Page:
Essay On Abortion
Abortion – Why Is There Still an Argument?
This essay examines why the question of abortion is so polarized and what factors cause such a gaping rift between the two-sides of the argument, and asks is there a middle-ground?
Throughout history, the topic of abortion has always been something that inspires passionate argument from either side of the spectrum. There are sections of society who believe that abortion should be illegal under all and any circumstances, there are sections of society who believe that abortion should be an option under certain circumstances, and then there are sections of society who believe that abortion should be a legal option for women in every country across the world.
The most conservative members of society, and the most conservative voices in the big abortion debate will often express the belief that abortion should be completely illegal, no matter what the circumstances of a woman’s pregnancy happen to be. This view point often stems from a deep rooted religious belief, with many citing that a fetus, no matter what stage of development it might be at, is already a child and already one of God’s precious creations, and therefore to ‘kill’ it in the womb would be a grievous sin.
What some people might call the ‘middle ground’ opinion on the abortion debate is the belief that abortion should not be widely available to all women, but rather be made an option when the pregnancy has been the result of something like incest or rape, or if the fetus has been discovered to be likely to form into a child that will have serious health problems that would significantly limit its life after birth. This opinion tends to be held by people who are either moderately religious or who aren’t particularly religious but do believe that the creation of life is, in the majority of cases, more important than the choice of the prospective mother to terminate her pregnancy.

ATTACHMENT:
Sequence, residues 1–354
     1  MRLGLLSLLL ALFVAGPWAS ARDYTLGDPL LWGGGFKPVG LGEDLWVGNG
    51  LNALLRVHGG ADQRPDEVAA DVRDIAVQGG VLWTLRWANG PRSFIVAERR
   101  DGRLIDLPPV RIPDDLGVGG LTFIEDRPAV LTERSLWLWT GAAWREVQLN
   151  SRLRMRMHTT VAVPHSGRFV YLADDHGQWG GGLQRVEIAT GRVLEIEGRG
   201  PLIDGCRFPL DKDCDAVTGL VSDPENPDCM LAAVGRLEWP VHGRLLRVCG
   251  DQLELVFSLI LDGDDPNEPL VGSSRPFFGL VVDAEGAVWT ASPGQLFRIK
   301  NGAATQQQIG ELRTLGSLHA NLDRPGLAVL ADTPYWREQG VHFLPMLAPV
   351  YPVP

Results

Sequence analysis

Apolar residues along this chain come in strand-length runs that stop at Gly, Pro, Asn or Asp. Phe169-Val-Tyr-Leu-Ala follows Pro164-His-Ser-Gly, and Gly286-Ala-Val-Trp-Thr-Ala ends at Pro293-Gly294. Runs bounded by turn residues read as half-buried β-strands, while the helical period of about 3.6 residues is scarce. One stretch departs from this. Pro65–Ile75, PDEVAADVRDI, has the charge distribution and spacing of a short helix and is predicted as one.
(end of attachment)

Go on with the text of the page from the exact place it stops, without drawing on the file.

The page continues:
The most liberal opinion in the abortion debate, and one that has been championed by the majority of new generations since the 1960s, is that a woman should have complete control of her body and be able to have a termination within the reasonable time span, regardless of the circumstances of her pregnancy and regardless of what country she is living in. This opinion tends to be held by members of society who do not follow any form of organized religion and therefore are not guided by any conception of sin and God’s wishes. This view is held by the most liberal participants in the wider debate. Those who do not believe that the rights of an unformed fetus should be held in higher regard than the rights of a woman who will have to take care of this child for a at least 18 years.
Overall, I would have to say that I am firmly on the side of the pro-choice argument. For a woman to be told what she can and cannot do with her own body is completely unfathomable to me. In my opinion, pro-life campaigners often disregard the real life scenario of having to carry and raise a child that was not originally wanted. This can in many cases make for a less than desirable life for both mother and child.